The multinational behind a proposed solar energy project in Limestone Township assured the Union County Commissioners on Tuesday that the project would have minimal disruption to farmland, which will return to a natural state in about 30 years after the equipment's lifespan would.
Headquartered in San Francisco, Pattern Energy is looking for leases to access approximately 800 acres of private land, according to company representatives Donnie Johnson and Ian Evans.
Of this, Evans estimated that about 100 acres would be developed for a solar farm – the remainder being the remainder of the owners' respective parcels – which would generate about 80 megawatts of power for the PJM multi-state power grid.
That is enough energy to supply around 15,000 households with electricity, according to a company website for the proposed project www.limestonesolar.com.
Johnson said construction could start as early as late 2021 and commercial power generation could start late 2022.
Evans told Commissioner Stacy Richards that lease negotiations are active and that not all targeted packages have been secured. Because of this, he wouldn't say exactly where the packages are. The company is not a utility and does not have significant domain powers, he added.
“In Union County, much of our economy is based on agriculture and tourism,” said Richards. “Have you thought of looking at land that is neither agricultural nor forested?”
“We don't want to clear trees,” replied Evans, explaining that agricultural land can be used ideally and specifically because it is open and largely flat. Locations searched are also determined based on location to a transmission line, he said.
Solar collectors, which stand on masts and are driven into the ground, are connected with cables that are laid in underground trenches and connected to the power grid with an overhead line. The land under the panels would be planted with vegetation to stabilize the soil.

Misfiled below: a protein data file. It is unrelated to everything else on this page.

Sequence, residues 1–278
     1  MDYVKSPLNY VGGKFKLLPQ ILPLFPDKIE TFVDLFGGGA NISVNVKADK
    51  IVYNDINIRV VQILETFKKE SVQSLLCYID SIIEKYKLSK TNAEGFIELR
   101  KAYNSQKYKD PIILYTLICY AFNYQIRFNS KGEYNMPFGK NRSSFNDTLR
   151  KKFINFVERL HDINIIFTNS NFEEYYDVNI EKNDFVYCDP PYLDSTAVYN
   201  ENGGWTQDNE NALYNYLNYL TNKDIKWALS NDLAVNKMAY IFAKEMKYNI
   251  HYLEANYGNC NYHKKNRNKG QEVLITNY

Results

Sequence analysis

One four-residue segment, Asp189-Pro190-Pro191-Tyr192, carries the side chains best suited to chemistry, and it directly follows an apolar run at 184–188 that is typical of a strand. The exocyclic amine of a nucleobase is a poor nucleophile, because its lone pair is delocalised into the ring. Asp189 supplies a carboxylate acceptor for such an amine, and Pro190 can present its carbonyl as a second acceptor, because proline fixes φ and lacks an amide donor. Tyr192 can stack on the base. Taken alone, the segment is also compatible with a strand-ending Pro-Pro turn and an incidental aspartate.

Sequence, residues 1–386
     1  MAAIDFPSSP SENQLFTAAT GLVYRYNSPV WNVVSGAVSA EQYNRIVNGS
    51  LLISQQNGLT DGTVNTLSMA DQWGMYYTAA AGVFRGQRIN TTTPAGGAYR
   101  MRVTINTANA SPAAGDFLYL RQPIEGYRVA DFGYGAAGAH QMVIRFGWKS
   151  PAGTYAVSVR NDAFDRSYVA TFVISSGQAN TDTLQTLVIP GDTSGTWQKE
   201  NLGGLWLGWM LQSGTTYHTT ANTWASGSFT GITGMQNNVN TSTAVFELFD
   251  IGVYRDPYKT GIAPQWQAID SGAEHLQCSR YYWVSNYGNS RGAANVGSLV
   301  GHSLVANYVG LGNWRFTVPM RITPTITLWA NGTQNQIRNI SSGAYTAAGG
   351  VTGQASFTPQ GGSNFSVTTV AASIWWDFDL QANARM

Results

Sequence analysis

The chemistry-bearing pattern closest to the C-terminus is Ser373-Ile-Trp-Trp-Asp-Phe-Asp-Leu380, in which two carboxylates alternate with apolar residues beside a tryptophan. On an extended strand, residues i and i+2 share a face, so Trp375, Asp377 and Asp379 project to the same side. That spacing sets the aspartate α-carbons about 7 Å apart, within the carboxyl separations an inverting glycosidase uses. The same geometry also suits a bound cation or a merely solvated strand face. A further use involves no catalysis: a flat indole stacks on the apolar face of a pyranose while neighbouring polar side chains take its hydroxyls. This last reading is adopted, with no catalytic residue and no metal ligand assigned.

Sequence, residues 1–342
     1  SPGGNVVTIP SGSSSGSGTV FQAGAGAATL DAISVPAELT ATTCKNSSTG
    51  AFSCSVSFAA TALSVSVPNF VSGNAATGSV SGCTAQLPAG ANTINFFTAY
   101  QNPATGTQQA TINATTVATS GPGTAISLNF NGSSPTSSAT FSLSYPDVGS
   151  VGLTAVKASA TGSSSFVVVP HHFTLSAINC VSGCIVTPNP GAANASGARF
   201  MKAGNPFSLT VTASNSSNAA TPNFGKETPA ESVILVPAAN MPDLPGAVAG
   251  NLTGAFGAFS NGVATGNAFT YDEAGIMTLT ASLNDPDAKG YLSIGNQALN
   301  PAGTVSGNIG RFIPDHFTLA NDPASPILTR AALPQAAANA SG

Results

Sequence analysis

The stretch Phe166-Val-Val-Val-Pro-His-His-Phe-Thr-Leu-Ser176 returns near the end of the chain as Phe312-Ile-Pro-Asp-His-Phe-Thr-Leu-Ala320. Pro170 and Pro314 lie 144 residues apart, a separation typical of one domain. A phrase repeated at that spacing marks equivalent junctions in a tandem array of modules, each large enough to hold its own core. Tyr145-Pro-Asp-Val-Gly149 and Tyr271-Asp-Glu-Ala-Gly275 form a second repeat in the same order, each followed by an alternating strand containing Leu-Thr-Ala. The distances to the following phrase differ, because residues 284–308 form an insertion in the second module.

Johnson estimated the project would result in more than 100 temporary works: machine operators, electricians, and workers among other contractors. An unknown number of sustained “well-paid” maintenance jobs would also result in the project site being maintained.
“For the construction phase, we're working on hiring as local staff as possible,” Johnson said, adding that workers would be hired through local job fairs and referrals from local trade schools.
Without the extension of the rental contracts and the replacement of solar modules and the associated infrastructure, the project would expire in around 30 years. Both representatives stated that the company was contractually bound to the tenants to clear the land and return it to a natural state.
That would largely consist of clearing the land of solar panels, removing cables, and the chain link fences that would surround the modules. At the owner's request, they would remove or leave gravel roads and add fresh topsoil.
Shanon tribe from the Union County Conservation District inquired about the classification and clearing of the land. Evans said this was something the company is trying to avoid. Since the panels are on poles and do not require cement foundations, they can be installed on slight slopes. He said some areas may need to be flattened or filled.
Cindy Kahley, also from the nature reserve, said agricultural fields are often treated with chemicals to prevent weed growth and the like, which could make it difficult for stabilizing vegetation to gain a foothold. She raised concerns about the possible runoff of rainwater into neighboring areas.
Evans said the restoration of the topsoil is being negotiated with the owners. Due care will be taken to ensure stabilization, he said. Appropriate environmental permits from local, state and federal authorities are required for the project. In Limestone Township, however, there is no zoning that would regulate the construction of the site.
Evans told Richards that the project was being reviewed with PJM but wasn't sure where the process was. He added that Pattern is still trying to get leases in hopes of getting the entire project area in Limestone Township.